Starts Forecast to Go Up 6.5 Percent in 2016
After Climbing a Mere 3.7 Percent in 2015
Total residential and nonresidential building starts are forecast to climb 6.5 percent to $560 billion in all of 2016, Construction Market Data Group said in its fourth-quarter 2015 report.
CMD is basing its prediction on factors such as a steadily recovering economy, wage and employment growth, increased state and federal spending on infrastructure projects and an improved investment outlook.
A weak fourth quarter caused total starts to expand a mere 3.7 percent in 2015, CMD said. By category, nonresidential starts dropped 3 percent, but residential activity expanded by 6.3 percent, and engineering/civil construction starts jumped 10.8 percent.
"At an annual growth rate of 3.7 percent compared with 2014's 7.4 percent, the accelerator was eased on total U.S. construction starts in 2015," said Alex Carrick, CMD's chief economist. "The nonresidential building category underperformed, while residential work maintained a steady upward path and engineering starts surged."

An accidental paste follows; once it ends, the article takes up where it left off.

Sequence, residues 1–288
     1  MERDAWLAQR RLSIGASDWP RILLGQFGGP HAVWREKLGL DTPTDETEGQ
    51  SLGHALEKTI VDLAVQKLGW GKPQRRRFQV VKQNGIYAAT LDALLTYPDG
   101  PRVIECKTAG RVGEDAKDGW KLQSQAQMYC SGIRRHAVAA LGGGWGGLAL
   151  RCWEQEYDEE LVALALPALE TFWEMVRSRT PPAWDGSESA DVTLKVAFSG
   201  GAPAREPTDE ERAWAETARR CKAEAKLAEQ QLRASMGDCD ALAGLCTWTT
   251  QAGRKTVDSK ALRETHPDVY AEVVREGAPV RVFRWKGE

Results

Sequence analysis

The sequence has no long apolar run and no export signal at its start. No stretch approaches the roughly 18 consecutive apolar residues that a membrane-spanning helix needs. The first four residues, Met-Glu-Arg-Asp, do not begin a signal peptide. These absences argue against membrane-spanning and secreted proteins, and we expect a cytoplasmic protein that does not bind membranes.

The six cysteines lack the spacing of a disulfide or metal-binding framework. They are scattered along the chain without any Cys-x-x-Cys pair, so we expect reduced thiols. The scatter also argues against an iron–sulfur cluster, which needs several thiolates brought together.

Demand for single-family homes will exceed the demand for multifamily homes and drive the performance of residential starts over the next several years, CMD said.
Additionally, industrial starts, which increased greatly in 2014 and 2015, will be blunted by depreciation in the U.S. dollar, Carrick said.
Medical starts are forecast to grow 8.6 percent in 2016, and then average 5 percent annual growth from 2017-2020.